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Jewish Recipes --> Recipes --> Vegetable Dishes --> Beets

Beet Recipes:

The beet root (Beta vulgaris) is a plant in the amaranth family. It is best known in its numerous cultivated varieties, the most well known of which is probably the red root vegetable known as the garden beet. However, other cultivated varieties include the leaf vegetables chard and spinach beet, as well as the root vegetables sugar beet, which is important in the production of table sugar, and mangelwurzel, which is a fodder crop. Three subspecies are typically recognised. All cultivated varieties fall into the subspecies Beta vulgaris subsp. vulgaris, while Beta vulgaris subsp. maritima, commonly known as the sea beet, is the wild ancestor of these and is found throughout the Mediterranean, the Atlantic coast of Europe, the Near East, and India. A second wild subspecies, Beta vulgaris subsp. adanensis, occurs from Greece to Syria.

The beet has a long history of cultivation stretching back to the second millennium BC. The plant was probably domesticated somewhere along the Mediterranean, whence it was later spread to Babylonia by the 8th century BC and as far east as China by 850 AD. Available evidence, such as that provided by Aristotle and Theophrastus suggests that the leafy varieties of the beet were grown primarily for most of its history, though these lost much of their popularity much later following the introduction of spinach. The beet became highly commercially important in 19th century Europe following the development of the sugar beet in Germany and the discovery that sucrose could be extracted from them, providing an alternative to tropical sugar cane. It remains a widely cultivated commercial crop for producing table sugar.

Beta vulgaris is a herbaceous biennial or rarely perennial plant with leafy stems growing to 1-2 m tall. The leaves are heart-shaped, 5-20 cm long on wild plants (often much larger in cultivated plants). The flowers are produced in dense spikes, each flower very small, 3-5 mm diameter, green or tinged reddish, with five petals; they are wind-pollinated. The fruit is a cluster of hard nutlets.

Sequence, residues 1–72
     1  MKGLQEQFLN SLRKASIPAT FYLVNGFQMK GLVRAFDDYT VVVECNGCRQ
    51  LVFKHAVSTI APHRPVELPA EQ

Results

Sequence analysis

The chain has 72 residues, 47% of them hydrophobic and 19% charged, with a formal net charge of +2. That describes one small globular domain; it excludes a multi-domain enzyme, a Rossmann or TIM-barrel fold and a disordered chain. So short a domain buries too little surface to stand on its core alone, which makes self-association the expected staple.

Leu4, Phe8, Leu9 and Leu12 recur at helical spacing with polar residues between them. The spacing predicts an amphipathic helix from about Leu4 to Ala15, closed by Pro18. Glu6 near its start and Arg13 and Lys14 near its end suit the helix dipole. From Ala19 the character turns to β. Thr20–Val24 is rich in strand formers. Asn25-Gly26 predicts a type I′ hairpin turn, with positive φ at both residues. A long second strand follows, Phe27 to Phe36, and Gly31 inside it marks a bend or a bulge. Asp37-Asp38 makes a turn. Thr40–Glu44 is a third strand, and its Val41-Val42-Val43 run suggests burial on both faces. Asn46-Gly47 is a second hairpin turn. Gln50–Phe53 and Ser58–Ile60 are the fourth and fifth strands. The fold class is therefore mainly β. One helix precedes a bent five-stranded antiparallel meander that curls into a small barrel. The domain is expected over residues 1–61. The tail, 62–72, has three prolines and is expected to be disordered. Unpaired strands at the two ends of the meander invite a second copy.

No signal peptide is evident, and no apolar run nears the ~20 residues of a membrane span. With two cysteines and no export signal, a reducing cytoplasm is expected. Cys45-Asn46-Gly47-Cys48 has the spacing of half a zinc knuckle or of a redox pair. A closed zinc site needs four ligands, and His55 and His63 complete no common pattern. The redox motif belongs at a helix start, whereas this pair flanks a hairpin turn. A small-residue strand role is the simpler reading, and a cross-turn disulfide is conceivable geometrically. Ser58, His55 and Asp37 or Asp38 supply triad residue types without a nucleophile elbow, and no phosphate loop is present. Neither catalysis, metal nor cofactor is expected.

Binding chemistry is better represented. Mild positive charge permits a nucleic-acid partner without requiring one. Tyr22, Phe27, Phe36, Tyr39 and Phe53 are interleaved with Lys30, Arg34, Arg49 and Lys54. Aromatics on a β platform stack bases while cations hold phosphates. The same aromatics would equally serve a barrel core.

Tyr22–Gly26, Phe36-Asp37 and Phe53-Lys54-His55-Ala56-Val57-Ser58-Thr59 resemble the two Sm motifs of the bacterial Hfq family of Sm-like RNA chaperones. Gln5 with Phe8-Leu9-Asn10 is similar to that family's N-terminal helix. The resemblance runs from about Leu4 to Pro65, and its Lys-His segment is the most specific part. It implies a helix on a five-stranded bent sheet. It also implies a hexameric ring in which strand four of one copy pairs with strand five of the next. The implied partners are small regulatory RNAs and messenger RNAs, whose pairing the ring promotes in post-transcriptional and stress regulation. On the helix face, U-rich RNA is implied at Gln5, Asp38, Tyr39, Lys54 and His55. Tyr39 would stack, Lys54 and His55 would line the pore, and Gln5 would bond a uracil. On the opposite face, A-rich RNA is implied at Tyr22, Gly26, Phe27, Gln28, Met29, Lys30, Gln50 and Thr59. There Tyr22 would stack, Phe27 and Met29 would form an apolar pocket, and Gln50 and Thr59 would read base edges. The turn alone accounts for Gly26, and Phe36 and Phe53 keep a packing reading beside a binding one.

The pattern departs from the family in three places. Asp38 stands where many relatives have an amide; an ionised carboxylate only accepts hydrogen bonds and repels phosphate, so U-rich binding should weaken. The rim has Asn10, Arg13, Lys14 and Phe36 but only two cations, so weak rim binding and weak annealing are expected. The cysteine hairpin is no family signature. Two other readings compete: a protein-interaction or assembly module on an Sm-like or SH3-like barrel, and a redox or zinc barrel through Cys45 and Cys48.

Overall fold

Nutrition Facts Beets

  • Amount Per 1 cup (136 g)

  • Calories 59

% Daily Value*

  • Total fat 0.2 g 0%

  • Saturated fat 0 g 0%

  • Polyunsaturated fat 0.1 g

  • Monounsaturated fat 0 g

  • Cholesterol 0 mg 0%

  • Sodium 106 mg 4%

  • Potassium 442 mg 12%

  • Total Carbohydrate 13 g 4%

  • Dietary fiber 3.8 g 15%

  • Sugar 9 g

  • Protein 2.2 g 4%

  • Vitamin A 0%

  • Vitamin C 11%

  • Calcium 2%

  • Iron 6%

  • Vitamin B-6 5%

  • Vitamin B-12 0%

  • Magnesium 7%

*Percent Daily Values are based on a 2,000 calorie diet. Your daily values may be higher or lower depending on your calorie needs.

Nutrition Facts Beets, boiled
  • Amount Per 0.5 cup slices (85 g)
  • Calories 37

% Daily Value*

  • Total fat 0.2 g 0%
  • Saturated fat 0 g 0%
  • Polyunsaturated fat 0.1 g
  • Monounsaturated fat 0 g
  • Cholesterol 0 mg 0%
  • Sodium 65 mg 2%
  • Potassium 259 mg 7%
  • Total Carbohydrate 8 g 2%
  • Dietary fiber 1.7 g 6%
  • Sugar 7 g
  • Protein 1.4 g 2%
  • Vitamin A 0%
  • Vitamin C 5%
  • Calcium 1%
  • Iron 3%
  • Vitamin B-6 5%
  • Vitamin B-12 0%
  • Magnesium 5%

*Percent Daily Values are based on a 2,000 calorie diet. Your daily values may be higher or lower depending on your calorie needs.

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Sept 2005 - 2013 - Kosher Recipes - Kosher Cooking - Jewish Cooking - Jewish Recipes - Jewish Foods